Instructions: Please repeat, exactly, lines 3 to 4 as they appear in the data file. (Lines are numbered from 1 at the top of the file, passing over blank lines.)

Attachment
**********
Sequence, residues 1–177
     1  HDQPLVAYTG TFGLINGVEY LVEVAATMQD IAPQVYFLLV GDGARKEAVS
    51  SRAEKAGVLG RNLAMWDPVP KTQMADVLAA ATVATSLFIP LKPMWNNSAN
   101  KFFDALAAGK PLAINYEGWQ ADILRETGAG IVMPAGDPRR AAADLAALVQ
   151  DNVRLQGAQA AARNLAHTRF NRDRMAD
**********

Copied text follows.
    51  SRAEKAGVLG RNLAMWDPVP KTQMADVLAA ATVATSLFIP LKPMWNNSAN
   101  KFFDALAAGK PLAINYEGWQ ADILRETGAG IVMPAGDPRR AAADLAALVQ